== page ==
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Databases

Brandyn Lordi
Brandyn Lordi
17,776 Points

Solved but... Are these challenges possible without derived tables?

I was able to solve both challenges with the use of derived tables, but i'm curious to know if maybe i'm missing something as the title states?

My code for reference:

Book Count

SELECT bn.title, count(all_books.title) as book_count FROM books_north as bn
INNER JOIN(
SELECT title FROM books_north
  UNION ALL
  SELECT title from books_south
  ) as all_books
on bn.title = all_books.title
group by all_books.title

User Loans

SELECT p.first_name, p.email, count(loans.patron_id),loans.patron_id FROM patrons as p
INNER JOIN (
  select patron_id from loans_north where returned_on IS NULL
  UNION ALL
  select patron_id from loans_south where returned_on IS NULL
  ) as loans ON loans.patron_id = p.id
  group by first_name

1 Answer

Steven Parker
Steven Parker
216,135 Points

You didn't mention what the objective was for each SQL sample, but if the first one is intended to list all titles of both locations with total quantity, that code won't produce it. But you can get a correct count and also simplify the query a bit this way:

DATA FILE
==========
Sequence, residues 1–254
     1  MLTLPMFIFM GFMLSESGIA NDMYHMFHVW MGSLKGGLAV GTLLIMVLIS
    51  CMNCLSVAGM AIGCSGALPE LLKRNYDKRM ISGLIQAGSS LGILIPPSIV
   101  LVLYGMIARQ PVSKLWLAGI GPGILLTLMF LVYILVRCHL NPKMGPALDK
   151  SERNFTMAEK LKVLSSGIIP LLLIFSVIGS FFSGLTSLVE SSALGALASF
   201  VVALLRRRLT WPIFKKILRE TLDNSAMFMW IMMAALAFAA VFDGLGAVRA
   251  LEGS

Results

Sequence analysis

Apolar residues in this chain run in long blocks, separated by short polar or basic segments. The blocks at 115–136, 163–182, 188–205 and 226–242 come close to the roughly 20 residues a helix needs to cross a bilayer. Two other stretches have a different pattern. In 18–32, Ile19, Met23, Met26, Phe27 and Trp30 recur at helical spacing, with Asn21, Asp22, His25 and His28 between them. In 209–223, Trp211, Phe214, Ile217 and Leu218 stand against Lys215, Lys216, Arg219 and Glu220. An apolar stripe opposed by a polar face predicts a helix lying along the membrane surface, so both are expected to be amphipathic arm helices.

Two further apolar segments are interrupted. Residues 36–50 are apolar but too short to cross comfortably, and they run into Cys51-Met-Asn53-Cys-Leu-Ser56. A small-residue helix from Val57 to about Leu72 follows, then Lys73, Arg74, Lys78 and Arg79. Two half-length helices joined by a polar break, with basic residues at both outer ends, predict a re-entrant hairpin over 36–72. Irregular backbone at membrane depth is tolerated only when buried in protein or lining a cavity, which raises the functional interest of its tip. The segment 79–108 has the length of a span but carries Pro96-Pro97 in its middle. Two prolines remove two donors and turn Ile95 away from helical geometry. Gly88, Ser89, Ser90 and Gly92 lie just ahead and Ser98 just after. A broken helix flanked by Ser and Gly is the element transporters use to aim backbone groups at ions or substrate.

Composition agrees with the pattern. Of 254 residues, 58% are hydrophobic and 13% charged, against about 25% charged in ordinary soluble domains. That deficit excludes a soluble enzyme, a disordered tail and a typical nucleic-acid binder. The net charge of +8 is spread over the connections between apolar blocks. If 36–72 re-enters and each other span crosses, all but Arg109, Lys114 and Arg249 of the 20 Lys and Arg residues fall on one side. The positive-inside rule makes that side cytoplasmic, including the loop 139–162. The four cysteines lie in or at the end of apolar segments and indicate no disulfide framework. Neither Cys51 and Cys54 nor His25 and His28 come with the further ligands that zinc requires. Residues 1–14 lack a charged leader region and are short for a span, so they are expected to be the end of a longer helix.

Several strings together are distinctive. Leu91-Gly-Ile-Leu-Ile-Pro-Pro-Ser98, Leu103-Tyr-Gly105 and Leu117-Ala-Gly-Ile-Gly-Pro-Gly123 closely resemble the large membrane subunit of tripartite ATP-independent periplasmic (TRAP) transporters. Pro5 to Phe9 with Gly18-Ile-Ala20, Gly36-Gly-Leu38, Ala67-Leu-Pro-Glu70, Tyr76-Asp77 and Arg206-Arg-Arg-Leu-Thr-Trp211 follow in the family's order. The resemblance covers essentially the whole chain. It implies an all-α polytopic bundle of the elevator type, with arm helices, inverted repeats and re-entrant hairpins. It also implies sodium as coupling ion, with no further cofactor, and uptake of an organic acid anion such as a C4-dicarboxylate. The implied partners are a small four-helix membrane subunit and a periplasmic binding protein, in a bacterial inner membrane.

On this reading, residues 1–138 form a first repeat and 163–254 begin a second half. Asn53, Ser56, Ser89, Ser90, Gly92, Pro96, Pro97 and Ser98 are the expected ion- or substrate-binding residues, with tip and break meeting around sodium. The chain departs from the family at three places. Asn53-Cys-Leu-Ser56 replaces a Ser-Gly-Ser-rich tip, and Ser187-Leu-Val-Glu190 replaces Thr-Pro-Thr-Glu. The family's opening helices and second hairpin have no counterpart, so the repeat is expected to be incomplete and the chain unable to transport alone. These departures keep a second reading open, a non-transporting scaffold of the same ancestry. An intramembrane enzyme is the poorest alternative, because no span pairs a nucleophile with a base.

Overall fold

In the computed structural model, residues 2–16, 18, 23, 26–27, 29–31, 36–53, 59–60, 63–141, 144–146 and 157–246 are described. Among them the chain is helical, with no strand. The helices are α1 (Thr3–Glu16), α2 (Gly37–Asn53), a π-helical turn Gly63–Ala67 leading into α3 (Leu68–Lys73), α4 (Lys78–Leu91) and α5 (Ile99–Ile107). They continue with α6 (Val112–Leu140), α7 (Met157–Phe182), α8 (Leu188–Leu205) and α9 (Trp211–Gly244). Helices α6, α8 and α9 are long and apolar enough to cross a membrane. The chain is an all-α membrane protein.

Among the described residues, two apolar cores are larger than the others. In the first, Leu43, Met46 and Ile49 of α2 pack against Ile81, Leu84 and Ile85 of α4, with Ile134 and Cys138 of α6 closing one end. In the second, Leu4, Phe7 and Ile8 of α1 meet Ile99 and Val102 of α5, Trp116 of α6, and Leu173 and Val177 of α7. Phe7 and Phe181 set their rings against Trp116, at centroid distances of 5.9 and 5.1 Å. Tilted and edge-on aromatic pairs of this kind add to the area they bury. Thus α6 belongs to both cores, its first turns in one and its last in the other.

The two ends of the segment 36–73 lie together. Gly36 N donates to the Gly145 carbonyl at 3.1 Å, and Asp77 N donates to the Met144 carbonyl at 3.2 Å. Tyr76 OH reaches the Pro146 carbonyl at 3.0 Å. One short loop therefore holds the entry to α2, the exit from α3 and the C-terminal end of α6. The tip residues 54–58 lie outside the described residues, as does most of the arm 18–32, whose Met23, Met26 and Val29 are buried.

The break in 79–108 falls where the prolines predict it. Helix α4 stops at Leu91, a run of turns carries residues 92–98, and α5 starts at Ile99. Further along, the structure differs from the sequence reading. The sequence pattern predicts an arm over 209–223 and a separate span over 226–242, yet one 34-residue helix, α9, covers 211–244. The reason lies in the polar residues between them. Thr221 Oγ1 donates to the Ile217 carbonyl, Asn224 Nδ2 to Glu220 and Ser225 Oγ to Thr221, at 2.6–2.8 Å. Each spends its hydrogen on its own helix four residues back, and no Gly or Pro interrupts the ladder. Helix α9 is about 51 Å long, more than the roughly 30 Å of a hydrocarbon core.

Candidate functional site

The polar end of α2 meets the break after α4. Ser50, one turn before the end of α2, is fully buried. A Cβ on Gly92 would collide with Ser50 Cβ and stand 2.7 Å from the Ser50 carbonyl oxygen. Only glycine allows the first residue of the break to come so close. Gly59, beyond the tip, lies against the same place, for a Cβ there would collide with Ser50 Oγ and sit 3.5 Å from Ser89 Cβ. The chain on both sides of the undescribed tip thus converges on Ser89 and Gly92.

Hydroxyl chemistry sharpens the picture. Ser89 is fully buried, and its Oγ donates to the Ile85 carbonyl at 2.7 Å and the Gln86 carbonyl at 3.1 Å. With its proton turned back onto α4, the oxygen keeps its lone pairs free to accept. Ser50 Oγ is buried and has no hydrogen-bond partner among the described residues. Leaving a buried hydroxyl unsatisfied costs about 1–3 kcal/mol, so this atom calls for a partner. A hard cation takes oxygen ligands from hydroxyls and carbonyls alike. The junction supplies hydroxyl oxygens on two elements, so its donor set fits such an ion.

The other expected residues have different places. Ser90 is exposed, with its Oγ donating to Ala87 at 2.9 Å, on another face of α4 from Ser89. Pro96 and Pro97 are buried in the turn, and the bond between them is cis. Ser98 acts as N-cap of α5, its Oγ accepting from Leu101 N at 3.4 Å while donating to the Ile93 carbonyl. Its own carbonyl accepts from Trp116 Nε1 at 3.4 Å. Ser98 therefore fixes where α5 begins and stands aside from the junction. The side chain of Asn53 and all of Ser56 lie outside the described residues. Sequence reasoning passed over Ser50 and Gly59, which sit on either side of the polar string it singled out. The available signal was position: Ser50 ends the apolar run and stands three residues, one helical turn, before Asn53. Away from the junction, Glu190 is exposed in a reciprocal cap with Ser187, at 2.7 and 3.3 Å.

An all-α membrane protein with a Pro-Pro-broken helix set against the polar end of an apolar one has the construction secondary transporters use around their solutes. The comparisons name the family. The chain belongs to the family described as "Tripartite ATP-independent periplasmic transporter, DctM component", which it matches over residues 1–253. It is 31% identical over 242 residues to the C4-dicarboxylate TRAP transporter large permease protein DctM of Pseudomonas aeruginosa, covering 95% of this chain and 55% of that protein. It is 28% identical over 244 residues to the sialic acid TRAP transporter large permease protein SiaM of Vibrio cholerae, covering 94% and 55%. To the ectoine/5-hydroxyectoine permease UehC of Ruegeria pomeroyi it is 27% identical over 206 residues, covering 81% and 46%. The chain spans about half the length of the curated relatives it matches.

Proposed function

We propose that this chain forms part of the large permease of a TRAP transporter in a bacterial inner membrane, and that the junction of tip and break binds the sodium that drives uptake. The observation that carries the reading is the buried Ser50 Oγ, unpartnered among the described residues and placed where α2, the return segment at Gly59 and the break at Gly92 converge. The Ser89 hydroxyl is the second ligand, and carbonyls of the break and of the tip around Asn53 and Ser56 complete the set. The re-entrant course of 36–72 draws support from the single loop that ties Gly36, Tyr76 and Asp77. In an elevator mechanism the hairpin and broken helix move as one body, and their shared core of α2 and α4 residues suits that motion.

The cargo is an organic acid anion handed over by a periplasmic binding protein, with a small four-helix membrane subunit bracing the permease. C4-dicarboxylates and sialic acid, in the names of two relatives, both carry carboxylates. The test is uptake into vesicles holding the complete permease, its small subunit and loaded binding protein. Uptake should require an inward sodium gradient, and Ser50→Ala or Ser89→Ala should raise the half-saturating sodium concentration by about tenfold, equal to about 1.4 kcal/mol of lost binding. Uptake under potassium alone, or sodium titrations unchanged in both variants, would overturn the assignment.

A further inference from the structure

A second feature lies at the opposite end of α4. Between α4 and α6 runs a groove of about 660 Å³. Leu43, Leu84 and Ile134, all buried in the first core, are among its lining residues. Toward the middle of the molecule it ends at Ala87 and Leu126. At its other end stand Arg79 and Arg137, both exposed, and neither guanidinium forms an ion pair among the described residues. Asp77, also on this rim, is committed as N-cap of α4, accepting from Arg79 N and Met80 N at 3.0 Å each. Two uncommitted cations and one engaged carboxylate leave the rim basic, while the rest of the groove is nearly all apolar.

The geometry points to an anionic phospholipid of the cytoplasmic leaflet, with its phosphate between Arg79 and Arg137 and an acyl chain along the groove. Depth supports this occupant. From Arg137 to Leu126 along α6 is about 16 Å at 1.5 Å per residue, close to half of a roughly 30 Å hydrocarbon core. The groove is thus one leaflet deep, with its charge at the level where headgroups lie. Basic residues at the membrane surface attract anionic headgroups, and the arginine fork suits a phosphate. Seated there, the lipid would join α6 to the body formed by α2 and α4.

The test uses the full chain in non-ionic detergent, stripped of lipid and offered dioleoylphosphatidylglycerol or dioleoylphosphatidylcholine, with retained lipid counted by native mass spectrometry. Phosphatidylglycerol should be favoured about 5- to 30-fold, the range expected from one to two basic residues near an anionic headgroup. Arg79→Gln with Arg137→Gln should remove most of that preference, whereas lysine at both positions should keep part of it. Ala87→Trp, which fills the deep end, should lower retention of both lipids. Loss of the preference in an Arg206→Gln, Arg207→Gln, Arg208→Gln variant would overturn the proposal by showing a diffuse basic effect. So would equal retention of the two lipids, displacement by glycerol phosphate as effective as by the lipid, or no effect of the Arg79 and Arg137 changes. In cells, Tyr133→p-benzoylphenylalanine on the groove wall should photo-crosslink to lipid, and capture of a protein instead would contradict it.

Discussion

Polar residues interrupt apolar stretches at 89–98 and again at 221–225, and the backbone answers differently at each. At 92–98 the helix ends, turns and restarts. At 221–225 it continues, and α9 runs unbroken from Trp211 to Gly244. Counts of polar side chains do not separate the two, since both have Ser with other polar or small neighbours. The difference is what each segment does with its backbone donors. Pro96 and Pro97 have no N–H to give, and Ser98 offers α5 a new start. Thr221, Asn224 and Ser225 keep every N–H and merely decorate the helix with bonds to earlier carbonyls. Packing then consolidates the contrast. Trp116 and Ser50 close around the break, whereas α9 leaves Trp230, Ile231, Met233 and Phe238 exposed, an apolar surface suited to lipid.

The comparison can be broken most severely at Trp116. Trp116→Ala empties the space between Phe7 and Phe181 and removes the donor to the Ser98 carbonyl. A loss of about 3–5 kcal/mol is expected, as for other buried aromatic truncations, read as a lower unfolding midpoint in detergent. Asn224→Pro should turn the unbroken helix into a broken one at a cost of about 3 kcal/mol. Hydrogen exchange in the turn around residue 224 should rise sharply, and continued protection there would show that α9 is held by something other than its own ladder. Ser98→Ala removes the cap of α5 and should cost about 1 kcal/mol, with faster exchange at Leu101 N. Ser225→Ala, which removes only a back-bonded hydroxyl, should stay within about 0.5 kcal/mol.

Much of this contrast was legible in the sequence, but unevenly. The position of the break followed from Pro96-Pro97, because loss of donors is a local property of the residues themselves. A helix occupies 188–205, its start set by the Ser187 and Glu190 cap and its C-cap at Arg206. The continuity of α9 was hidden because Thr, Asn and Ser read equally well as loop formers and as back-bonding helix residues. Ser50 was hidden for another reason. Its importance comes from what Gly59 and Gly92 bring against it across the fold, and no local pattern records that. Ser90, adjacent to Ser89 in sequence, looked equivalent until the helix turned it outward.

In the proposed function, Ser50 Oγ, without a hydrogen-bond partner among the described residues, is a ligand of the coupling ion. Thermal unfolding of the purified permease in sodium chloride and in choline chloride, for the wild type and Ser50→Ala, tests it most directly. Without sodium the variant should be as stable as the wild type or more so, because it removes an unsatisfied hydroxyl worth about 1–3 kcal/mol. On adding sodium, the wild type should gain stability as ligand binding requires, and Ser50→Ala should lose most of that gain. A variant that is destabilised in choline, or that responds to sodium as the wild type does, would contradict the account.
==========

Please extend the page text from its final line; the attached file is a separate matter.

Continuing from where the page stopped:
SELECT title, COUNT(1) AS book_count
FROM (
  SELECT title FROM books_north
  UNION ALL
  SELECT title FROM books_south
  )
GROUP BY title

And would a CTE count as an alternative to the derived table?

WITH all_books AS (
  SELECT title FROM books_north
  UNION ALL
  SELECT title FROM books_south
)
SELECT title, COUNT(1) AS book_count FROM all_books
GROUP BY title

But I think you need one or the other because of applying the aggregate to the set combination.